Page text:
The federal fleet consists of more than 650,000 vehicles and less than 1% of that total are currently electric.

The federal fleet consists of more than 650,000 vehicles and less than 1% of that total are currently electric. Scharfsinn86/Getty Images

Federal Agencies Could Save $6B by Electrifying Their Fleets, Report Finds

President Biden has ordered agencies to take swift action to stop buying polluting vehicles.

The federal government could save $6 billion over the next 15 years by converting its fleet to electric vehicles, according to a new report, which found the long-term savings far outweigh the upfront costs. 

The government will have to put up $4.6 billion in added costs to buy the new vehicles over the more standard variety, the ICF Climate Center found, but would break even by 2028 and realize billions of dollars in savings thereafter. The researchers launched their review after President Biden ordered federal agencies to stop purchasing emission cars, trucks and vans by 2027 and to cease buying any internal combustion engine non-tactical vehicles at all by 2035.  

The federal fleet consists of more than 650,000 vehicles and less than 1% of that total are currently electric. Federal agencies are well-suited for electrification, according to the report’s authors, Scott Walsh, ICF’s director for climate and transportation, and Ambika Coletti, a senior manager for beneficial electrification, as the average federal vehicle is driven just 25 miles per day. They added that so long as federal fleet managers plan appropriately and phase in their approach, Biden’s order—and, eventually, full electrification—is within reach. 

“Our analysis tells us that what the executive order is asking for is something that the market can deliver, and can deliver in a way that's actually going to save taxpayer dollars,” Walsh said. 

A phased approach offers several benefits, the authors said, including allowing the private sector to ramp up production to meet the new demand. It would also allow fleet managers to learn how to best take advantage of technological developments and provide more time for EV efficiency and price points to improve.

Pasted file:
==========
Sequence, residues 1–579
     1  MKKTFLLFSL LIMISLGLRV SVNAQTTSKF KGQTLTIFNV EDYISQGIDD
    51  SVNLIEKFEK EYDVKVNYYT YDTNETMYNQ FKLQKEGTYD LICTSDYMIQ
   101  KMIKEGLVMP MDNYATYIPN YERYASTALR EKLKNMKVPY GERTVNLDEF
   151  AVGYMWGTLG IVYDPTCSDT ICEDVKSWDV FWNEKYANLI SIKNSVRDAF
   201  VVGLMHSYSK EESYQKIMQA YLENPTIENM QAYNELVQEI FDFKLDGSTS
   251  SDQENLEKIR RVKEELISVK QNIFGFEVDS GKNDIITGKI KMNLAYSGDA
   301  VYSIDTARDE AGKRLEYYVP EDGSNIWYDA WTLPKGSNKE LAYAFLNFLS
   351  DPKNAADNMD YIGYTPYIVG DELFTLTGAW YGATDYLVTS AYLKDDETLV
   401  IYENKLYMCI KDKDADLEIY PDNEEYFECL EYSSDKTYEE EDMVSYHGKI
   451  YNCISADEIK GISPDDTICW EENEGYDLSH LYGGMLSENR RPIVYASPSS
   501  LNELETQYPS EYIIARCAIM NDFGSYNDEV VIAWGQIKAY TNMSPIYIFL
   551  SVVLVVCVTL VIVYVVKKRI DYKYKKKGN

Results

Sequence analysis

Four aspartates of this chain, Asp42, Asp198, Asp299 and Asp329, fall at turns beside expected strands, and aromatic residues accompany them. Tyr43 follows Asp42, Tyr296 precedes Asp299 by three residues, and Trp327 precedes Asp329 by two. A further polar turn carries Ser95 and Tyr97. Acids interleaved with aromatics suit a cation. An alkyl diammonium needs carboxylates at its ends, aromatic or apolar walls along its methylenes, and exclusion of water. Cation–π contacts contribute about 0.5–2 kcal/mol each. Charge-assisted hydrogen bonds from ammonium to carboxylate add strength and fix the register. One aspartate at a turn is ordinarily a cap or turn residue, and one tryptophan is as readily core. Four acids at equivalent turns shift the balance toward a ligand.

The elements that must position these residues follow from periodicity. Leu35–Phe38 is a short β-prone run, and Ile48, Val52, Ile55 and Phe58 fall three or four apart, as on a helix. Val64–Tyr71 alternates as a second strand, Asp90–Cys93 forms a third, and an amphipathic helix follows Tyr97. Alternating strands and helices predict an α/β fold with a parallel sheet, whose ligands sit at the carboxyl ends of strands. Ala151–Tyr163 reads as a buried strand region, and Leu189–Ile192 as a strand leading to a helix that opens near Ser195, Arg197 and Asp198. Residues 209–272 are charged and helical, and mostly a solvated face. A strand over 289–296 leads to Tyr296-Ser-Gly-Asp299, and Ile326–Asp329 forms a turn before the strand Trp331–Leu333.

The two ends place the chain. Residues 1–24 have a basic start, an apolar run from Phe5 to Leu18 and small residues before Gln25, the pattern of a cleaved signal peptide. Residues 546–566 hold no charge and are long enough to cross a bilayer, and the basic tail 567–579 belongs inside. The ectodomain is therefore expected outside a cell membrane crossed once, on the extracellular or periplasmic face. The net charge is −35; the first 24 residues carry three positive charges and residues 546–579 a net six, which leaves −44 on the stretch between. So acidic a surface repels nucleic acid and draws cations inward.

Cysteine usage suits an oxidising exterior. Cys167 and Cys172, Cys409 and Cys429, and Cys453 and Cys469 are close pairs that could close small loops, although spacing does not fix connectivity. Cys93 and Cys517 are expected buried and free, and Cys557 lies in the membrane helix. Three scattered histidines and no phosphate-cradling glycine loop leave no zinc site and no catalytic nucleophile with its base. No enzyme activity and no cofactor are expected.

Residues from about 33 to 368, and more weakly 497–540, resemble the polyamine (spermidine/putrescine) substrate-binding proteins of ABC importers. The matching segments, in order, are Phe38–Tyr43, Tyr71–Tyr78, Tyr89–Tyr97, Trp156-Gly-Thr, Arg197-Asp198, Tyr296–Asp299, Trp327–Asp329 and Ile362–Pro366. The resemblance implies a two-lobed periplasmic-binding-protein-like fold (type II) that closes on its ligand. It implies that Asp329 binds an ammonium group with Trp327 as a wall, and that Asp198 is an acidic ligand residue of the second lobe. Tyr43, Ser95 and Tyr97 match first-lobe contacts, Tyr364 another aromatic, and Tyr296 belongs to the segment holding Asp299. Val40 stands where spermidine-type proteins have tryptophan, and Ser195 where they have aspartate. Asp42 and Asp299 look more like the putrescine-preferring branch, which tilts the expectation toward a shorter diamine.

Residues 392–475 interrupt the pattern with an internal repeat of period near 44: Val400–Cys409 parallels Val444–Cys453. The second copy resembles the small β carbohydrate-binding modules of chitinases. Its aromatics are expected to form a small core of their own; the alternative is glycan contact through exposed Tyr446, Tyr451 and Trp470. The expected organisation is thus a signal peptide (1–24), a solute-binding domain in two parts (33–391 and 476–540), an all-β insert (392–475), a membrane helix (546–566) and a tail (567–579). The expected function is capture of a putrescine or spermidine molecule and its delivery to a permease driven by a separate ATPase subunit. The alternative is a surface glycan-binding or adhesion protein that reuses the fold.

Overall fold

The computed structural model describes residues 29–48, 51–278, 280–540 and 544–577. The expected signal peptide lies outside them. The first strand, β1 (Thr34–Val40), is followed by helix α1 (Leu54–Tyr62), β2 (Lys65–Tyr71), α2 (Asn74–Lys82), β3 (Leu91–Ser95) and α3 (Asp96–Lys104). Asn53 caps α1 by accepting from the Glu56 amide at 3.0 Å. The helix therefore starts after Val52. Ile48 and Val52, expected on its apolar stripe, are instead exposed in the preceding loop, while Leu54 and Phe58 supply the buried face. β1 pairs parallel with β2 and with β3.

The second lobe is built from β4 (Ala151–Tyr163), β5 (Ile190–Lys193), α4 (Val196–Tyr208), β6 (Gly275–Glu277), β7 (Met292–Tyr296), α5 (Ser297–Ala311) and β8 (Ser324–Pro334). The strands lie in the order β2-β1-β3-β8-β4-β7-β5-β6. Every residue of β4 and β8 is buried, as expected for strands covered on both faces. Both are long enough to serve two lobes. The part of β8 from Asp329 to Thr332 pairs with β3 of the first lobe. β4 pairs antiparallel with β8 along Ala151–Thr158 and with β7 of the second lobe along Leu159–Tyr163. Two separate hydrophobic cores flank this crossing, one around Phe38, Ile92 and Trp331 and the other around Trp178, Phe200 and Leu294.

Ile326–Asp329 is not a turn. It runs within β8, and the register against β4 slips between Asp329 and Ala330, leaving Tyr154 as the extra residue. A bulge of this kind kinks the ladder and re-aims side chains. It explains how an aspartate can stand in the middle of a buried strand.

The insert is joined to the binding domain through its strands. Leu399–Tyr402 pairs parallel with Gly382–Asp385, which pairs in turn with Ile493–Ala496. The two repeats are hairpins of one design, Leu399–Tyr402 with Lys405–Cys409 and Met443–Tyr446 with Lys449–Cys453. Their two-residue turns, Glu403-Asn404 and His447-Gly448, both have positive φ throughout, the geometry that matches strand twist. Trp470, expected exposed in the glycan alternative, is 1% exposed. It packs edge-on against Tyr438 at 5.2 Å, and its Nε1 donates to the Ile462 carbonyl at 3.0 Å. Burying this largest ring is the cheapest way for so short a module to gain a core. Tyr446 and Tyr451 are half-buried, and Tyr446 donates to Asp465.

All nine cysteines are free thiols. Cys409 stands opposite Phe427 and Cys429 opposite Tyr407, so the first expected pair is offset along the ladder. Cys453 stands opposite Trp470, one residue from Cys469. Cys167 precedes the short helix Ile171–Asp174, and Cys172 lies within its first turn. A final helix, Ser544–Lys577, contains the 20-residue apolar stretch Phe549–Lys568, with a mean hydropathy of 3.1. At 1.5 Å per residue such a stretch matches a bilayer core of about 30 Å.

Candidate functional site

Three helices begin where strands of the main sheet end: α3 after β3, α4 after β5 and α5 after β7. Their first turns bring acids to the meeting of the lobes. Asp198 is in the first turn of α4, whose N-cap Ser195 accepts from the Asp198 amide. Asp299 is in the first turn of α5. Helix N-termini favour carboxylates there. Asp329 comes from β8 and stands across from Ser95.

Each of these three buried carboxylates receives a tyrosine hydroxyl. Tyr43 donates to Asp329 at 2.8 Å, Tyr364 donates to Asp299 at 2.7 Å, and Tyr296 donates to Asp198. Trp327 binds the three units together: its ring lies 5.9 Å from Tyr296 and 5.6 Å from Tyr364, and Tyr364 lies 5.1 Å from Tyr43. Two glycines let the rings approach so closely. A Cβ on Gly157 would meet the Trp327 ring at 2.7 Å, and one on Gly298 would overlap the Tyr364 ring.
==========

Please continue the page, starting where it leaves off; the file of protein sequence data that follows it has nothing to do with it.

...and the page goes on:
Coletti cautioned that agencies should also start early to plan with utilities to ensure local grids can handle the increased power load. They would also have to assess each location or facility and adjust their internal power management appropriately. ICF looked at the broad picture of the federal fleet, but Coletti said individual agencies would have to use more granular data not available to the public to determine more specific needs. 

Walsh called the $6 billion in net savings estimate “conservative,” noting, for example, the General Services Administration negotiates better prices for agencies than the commercial, off-the-shelf rates used in the report. The report also assumes the government will convert its entire fleet in 2024 and since the government will inevitably take a slower approach, it will be able to realize more gains in the industry. 

GSA, which owns most of the federal fleet, does not issue mandates on which or how many vehicles agencies must lease or purchase, leaving that up to each individual federal office to determine. It now has 74 EV models available, up from just 10 in 2021. Last month, GSA launched a new "electric vehicle suitability assessment tool," allowing federal agencies to identify which parts of its fleet can be replaced with EVs based on function and range requirements. 

The reduction in greenhouse gas emissions would result in added social benefits valued at an additional $1.2 billion, Coletti and Walsh found, and would push consumers writ large to pursue more EVs. 

“I think it would act as a catalyst to even further accelerate the growth of the EV market,” Walsh said, “and as a result, drive unit costs down because of economies of scale.”

He added as he and Coletti began their research, they expected to identify a net cost that would be offset by environmental benefits. 

“That $6 billion savings number really was a surprise to us,” Walsh said. 

The U.S. Postal Service, which maintains its own fleet separate from GSA of more than 200,000 vehicles, is currently in the process of replacing most of its vans and trucks. After a drawn out fight between postal management, the Biden administration, lawmakers and environmental groups over how many of those vehicles should be electric, Congress intervened and provided $3 billion for USPS to purchase a higher rate of EVs and charging stations. After negotiations with the White House, Postmaster General Louis DeJoy announced 75% of the vehicles USPS will purchase will be electric. USPS will begin installing charging stations this year and will initially purchase 66,000, one for each of the EVs it plans to buy over the next several years. 

For its analysis, ICF assumed agencies would purchase just one charger for every two EVs. Coletti said some agencies will require a one-to-one ratio and others may need just one for every three vehicles, leading to the two-to-one estimate.